Many people have asked me to explain the Schengen Agreement and how does it affect Andorra. In a nutshell if as a foreigner (A foreigner is any person who requires a Schengen Visa to enter the EU) you have a right to live in Andorra (residency, passive residency), or a right to work in Andorra (work permit) then for the purposes of a Schengen Visa you will have the same rights as a foreigner resident in Spain or France. ( I will explain this later)
However, you must first get to Andorra to apply for these permits, and Andorra is landlocked by France and Spain. Andorra is not part of the principle Schengen Agreement therefore you must first land in France or Spain (Schengen) and then leave Schengen for Andorra. Legally therefore to leave Andorra you need another entry visa to get back into Schengen, thus on paper requiring a multiple entry visa on entry to Andorra. In practice, border controls between Andorra, France and Spain do exist but rarely if ever are you asked for travel documents, so in practice a single entry visa may suffice, but don't turn up in a vehicle registered in Eastern Europe etc !!
In January 2011 one potential passive resident applicant on a single entry visa was unluckily stopped by a random border check on a bus from Barcelona to Andorra and was refused entry. This is extremely rare, in fact the first time I have heard of this and even for some officials in Immigration the next day when I went to point out the that Andorra was shooting themselves in the foot turning away people who were on their way to invest in the country! I have since agreed a way forward as discussed above, but beware of the risks of a single entry visa.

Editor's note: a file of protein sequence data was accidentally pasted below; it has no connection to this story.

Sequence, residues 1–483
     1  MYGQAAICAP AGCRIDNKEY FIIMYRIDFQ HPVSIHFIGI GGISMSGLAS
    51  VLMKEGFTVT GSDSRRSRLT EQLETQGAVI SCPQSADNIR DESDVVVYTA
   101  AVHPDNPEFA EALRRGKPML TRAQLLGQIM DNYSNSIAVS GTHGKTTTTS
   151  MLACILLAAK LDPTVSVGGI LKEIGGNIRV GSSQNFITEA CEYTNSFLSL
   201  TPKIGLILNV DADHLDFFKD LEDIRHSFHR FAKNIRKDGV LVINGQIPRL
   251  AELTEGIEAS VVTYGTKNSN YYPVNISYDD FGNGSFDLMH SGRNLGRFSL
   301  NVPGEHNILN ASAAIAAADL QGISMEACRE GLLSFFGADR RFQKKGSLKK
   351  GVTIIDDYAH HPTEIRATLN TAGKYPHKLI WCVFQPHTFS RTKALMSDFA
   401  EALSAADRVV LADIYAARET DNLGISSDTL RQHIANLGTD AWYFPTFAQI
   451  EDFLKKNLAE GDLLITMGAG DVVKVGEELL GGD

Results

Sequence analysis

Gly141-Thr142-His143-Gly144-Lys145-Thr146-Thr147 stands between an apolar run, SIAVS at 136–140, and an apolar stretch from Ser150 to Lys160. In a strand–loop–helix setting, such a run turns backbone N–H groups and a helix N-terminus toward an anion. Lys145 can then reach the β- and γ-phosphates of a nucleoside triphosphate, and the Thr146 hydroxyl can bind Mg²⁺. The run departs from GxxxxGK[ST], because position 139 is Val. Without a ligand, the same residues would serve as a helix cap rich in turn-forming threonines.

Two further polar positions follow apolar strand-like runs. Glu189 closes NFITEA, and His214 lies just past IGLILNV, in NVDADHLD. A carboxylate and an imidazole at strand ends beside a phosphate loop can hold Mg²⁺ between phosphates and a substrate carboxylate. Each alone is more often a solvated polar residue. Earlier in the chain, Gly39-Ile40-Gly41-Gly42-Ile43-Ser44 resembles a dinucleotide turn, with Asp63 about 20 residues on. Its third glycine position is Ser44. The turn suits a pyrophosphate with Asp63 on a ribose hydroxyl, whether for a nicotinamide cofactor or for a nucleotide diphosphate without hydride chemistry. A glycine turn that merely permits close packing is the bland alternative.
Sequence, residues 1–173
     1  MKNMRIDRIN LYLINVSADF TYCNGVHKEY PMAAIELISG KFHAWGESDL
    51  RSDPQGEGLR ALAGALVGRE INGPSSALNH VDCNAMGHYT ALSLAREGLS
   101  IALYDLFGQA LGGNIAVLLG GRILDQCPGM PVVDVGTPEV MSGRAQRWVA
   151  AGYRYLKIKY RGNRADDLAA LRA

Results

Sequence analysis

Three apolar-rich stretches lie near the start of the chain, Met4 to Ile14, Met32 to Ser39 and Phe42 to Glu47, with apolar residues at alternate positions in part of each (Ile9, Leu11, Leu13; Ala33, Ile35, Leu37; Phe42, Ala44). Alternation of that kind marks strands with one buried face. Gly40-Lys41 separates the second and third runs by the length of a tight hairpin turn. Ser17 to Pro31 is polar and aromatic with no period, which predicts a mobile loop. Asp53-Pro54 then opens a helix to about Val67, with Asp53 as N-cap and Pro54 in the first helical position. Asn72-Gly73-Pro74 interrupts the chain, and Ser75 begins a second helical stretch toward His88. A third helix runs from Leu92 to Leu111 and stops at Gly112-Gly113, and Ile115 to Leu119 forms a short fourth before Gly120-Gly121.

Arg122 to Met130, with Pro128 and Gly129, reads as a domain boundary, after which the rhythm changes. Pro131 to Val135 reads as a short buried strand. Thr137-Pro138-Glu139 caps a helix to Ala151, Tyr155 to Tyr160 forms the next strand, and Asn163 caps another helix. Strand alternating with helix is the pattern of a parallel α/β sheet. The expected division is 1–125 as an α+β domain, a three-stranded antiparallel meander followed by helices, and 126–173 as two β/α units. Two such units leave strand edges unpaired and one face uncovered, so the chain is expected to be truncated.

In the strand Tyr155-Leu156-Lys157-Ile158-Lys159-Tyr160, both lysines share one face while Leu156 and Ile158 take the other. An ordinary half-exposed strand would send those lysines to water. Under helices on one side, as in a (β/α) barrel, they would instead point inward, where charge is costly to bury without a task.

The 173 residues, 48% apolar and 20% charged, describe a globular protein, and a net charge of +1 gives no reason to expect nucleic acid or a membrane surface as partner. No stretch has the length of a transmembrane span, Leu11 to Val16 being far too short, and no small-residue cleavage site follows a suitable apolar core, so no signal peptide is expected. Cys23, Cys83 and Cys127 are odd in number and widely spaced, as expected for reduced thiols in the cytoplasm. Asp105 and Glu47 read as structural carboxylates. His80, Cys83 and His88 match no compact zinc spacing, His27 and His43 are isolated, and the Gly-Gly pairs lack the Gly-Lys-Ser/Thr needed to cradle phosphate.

I should add at this stage that non EU persons applying for work permits must have in their passport a valid multiple entry Schengen visa, but for passive residency this does not appear to be a requirement for the catual processing of the application once in Andorra..
So what does the actual law say on Schengen ?
The Schengen Area comprises the territories of twenty-
Now when the Schengen Treaty was signed, Andorra amongst others would need to have agreements with Schengen for obvious reasons, such as being landlocked by France and Spain and requiring access to the outside world. As far as Andorra is concerned the agreement was made with France and Spain in 2000 and for those researchers I quote:-
"Décret n° 2003-740 du 30 juillet 2003 portant publication de la convention entre la République française, le Royaume d'Espagne et la Principauté d'Andorre relative à la circulation et au séjour en Principauté d'Andorre des ressortissants des Etats tiers, signée à Bruxelles le 4 décembre 2000 (1) "
In this Accord the three signatories state:-
"The French Republic, the Kingdom of Spain and the Principality of Andorra
Taking into account the particular geographical situation of the Principality of Andorra and the historical links between the three states;
Considering the desire to maintain the quality of existing relationships, inherited from history, reasserted in the Treaty of Good-neighbourliness, friendship and cooperation between the three states of 1 and 3 June 1993;
Taking also into account the agreements on the abolition of checks at common borders existing between the French Republic, the Kingdom of Spain and other States;
Wishing to regulate the procedures of movement and residence of foreigners traveling to the territory of Andorra;
have agreed as follows:....
...."The system of entry and movement in France and Spain of foreigners holding a residence permit of Andorra is identical to that applied to foreigners holding a French or Spanish residence permit ....."
That accord treats foreign residents of Andorra on the same terms as if they were foreigners resident in Spain or France.
The following links detail the agreement in full, I can only find original texts in French and Spanish:-